Learning lessons from PSE’s residential demand response pilot.
Peter Steele-Mosey is a senior consultant at Navigant Consulting’s Toronto office. His principal area of interest is econometric program evaluation. Email: firstname.lastname@example.org.
Residential direct load control programs intended to reduce peak residential demand on hot summer afternoons have become increasingly common, particularly in more innovative jurisdictions such as Arizona and California. In the last two years, dozens of evaluations of air-conditioning direct load control pilots and programs have been published, and as a result, a fairly solid understanding of potential demand reductions exists. Likewise, the effects and persistence of so-called “snapback”—the increase in demand above normal levels immediately following a curtailment event—are also well understood.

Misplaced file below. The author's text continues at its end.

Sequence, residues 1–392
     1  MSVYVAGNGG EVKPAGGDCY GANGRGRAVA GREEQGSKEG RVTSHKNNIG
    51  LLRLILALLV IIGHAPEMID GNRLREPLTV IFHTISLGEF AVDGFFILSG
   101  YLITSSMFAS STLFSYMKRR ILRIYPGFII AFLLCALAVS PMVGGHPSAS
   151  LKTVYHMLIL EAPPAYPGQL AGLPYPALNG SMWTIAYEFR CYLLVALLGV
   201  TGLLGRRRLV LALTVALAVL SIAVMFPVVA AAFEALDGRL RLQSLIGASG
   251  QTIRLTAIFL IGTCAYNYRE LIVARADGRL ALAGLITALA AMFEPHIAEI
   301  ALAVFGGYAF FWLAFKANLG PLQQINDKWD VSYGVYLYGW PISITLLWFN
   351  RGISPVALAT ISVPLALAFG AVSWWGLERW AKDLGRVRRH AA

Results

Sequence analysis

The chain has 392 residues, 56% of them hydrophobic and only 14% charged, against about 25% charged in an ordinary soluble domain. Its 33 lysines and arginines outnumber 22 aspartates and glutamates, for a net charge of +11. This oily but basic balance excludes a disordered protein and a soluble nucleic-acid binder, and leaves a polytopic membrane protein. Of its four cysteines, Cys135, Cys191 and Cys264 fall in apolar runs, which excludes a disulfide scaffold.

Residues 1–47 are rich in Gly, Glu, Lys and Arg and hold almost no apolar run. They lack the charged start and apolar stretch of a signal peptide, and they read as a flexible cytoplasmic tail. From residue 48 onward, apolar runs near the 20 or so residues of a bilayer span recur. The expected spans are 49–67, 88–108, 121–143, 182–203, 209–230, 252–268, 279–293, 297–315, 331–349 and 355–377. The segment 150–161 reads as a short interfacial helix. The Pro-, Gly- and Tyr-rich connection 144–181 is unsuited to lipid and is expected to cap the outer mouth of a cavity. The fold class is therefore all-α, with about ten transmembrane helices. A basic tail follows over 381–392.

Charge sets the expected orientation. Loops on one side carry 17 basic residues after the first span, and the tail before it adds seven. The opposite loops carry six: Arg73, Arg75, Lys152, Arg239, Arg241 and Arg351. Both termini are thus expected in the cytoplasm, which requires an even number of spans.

Meanwhile, utilities in winter-peaking areas have received far less attention. Although a small number of studies examining the impact of water-heater direct load control during the winter do exist, robust empirical studies examining the impacts of the direct load control of space heating in winter aren’t nearly as common. Thus, Navigant’s recent evaluation of Puget Sound Energy’s (PSE) residential demand response (DR) pilot and survey data reported by Navigant contractor Energy Market Innovations should be of particular interest to winter-peaking utilities.